SUNY students give a powerful performance
You may have read the play in school or at least have heard of the young Jewish girl and her family that went into hiding during World War II. The production of The Diary of Anne Frank by the SUNY Fredonia Department of Theatre and Dance reminds us of the power of witnessing the story on the stage.
The play depicts the Frank family, along with the Van Daans and Mr. Dussel, secreted in the hidden annex and aided by Miep Gies and Mr. Kraler. What they assume will be a temporary sequestration becomes an extended stay as the war wages and the Nazi assault increases. What do eight people hidden away do all day and night? As the play unfolds, we are drawn into their enclosed world.
While Anne is often a focal point, the show represents the excellent work of the entire capable ensemble and production team under the guidance of Director Jessica Hillman-McCord. Haley Beauregard, as Anne Frank, beautifully conveys the exuberance and optimism of the 13-year-old, her vitality contagious as she dances around the room or reflects while writing in her diary. Each of the other characters in the communal living arrangement is well-played too. We trust the level-headed fairness of Nick Gerwitz’s Mr. Frank. We feel for Mrs. Frank (Sophie Howes) when Anne rebuffs her. Mrs. Van Dann (Marisa Caruso) speaks her mind and holds her own in testy “discussions” with Mr. Van Dann (Clayton Howe). Peter (Jordan Louis Fischer) and Anne become increasingly conscious of each other. As the characters yearn for life outside of the annex, we hear them wish for a real cup of coffee, attending the movies, a hot bath, cream cakes, or seeing a loved one. In the annex, they make do. They must.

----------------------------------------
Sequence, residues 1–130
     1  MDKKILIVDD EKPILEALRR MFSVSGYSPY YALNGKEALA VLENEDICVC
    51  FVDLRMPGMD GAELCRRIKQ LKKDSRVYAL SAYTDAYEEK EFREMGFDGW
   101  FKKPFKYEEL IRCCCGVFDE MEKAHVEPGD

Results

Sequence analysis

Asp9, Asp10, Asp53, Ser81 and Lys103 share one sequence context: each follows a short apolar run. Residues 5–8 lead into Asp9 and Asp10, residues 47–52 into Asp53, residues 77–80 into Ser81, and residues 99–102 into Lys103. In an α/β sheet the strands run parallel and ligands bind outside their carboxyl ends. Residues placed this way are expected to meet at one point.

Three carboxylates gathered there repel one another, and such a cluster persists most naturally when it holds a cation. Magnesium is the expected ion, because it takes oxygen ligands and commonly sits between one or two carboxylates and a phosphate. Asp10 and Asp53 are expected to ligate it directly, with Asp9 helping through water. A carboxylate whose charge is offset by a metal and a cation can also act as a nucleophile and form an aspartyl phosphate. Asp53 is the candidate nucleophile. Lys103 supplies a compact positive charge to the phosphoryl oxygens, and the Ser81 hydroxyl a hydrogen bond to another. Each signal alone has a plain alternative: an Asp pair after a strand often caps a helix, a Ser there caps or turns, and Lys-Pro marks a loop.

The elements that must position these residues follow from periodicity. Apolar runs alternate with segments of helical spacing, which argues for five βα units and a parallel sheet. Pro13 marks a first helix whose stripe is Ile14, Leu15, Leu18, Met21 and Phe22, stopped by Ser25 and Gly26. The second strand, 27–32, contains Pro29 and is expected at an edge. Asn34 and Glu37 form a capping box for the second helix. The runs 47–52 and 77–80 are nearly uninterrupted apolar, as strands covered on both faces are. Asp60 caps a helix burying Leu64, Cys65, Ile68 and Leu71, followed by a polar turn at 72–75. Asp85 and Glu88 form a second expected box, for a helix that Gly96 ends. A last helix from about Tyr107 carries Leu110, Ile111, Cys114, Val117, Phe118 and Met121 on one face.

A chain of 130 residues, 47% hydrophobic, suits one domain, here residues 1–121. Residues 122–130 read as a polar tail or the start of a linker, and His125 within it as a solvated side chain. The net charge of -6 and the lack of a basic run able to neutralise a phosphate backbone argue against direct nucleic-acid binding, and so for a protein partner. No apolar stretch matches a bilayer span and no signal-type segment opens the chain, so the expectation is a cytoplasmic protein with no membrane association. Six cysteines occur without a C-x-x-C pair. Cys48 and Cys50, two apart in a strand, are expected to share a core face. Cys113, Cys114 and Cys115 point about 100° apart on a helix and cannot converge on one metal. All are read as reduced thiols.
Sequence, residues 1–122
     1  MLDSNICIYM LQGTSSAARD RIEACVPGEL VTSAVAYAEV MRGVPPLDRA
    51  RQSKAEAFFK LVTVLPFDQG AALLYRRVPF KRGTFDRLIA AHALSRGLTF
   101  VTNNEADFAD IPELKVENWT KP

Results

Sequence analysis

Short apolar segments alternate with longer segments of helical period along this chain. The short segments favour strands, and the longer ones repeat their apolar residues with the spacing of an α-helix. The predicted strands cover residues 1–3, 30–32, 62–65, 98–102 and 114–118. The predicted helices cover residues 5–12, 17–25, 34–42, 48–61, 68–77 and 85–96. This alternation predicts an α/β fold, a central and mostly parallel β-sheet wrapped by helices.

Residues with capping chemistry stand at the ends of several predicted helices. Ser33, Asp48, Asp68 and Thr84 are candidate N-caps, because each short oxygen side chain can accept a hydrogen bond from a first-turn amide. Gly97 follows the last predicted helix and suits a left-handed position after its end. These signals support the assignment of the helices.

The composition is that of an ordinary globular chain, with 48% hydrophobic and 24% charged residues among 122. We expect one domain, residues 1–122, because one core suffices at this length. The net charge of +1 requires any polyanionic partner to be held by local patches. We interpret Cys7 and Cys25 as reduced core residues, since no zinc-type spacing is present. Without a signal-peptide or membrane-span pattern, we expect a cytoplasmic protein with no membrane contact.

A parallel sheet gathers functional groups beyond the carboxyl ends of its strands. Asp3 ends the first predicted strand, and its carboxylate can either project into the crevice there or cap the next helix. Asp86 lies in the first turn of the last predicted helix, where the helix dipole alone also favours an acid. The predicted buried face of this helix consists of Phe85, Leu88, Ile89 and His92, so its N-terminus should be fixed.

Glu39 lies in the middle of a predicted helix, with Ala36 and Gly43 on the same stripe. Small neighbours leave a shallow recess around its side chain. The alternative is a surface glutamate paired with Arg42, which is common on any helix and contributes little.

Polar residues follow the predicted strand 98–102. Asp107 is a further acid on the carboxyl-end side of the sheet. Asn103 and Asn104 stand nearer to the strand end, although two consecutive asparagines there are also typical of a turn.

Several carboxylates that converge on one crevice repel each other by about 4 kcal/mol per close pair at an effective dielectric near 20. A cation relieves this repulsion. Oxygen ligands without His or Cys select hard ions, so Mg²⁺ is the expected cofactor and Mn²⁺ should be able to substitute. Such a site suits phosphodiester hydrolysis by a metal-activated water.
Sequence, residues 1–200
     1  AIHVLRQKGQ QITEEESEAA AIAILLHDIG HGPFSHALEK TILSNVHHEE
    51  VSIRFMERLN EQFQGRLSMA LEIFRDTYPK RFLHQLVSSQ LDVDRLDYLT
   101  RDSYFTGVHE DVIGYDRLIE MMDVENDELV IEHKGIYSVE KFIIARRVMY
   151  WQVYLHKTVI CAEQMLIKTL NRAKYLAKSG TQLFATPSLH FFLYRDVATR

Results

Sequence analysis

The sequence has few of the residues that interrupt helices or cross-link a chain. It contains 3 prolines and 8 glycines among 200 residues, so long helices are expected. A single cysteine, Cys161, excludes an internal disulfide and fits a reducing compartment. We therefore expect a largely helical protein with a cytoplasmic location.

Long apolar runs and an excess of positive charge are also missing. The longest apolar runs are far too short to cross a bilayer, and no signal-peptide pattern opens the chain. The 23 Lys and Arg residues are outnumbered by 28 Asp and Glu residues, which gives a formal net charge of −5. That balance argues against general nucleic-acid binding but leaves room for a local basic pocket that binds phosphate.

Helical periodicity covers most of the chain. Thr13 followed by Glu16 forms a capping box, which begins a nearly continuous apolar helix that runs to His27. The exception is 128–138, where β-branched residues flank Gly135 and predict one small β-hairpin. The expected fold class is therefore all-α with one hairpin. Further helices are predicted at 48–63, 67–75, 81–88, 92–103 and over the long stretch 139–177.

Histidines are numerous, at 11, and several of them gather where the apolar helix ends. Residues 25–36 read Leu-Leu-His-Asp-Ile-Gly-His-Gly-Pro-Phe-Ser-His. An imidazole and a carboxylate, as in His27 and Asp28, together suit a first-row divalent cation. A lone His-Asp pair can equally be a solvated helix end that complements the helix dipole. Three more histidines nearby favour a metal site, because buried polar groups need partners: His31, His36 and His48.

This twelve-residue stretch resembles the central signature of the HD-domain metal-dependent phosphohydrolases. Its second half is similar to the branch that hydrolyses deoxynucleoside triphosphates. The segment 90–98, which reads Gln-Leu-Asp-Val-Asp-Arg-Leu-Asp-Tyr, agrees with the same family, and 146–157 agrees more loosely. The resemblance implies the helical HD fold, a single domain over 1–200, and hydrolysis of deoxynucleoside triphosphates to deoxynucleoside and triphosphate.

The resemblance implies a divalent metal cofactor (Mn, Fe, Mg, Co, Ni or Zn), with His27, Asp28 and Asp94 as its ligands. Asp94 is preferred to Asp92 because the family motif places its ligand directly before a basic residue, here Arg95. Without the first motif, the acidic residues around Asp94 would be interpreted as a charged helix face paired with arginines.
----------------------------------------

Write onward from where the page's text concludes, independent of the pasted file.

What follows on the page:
They maneuver around each other in the close quarters of the set (Samantha Sayers). Transparent walls give a constant view of their life in hiding. Reading, studying French, playing cards, and dressing in the dark during scene breaks mark the passage of time. The characters never leave the stage, reinforcing the reality that their lives are at stake if discovered.
The production’s use of sound (David Orr) effectively contrasts with the imposed silence when others are in the building. When a noise is heard, the fear of detection is palpable. With so much silence, the sounds are amplified-from rain and thunder to the BBC radio broadcasts announcing Hitler’s march across Europe and the piercing air raid siren to the train whistle. The sounds heighten the reality that has sent them into hiding.
Anne writes, “I want to go on living even after my death.” In this production, her story and spirit live on. Wendy Kesselman’s adaptation of The Diary of Anne Frank runs April 12, 13, 18, 19, and 20 at 7:30 p.m. and April 14 at 2:00 p.m. in Marvel Theatre. Tickets are available at the SUNY Fredonia Ticket Office at 716-673-3501 and Fredonia.edu/tickets.
Ann Siegle Drege is a member of the Department of English at SUNY Fredonia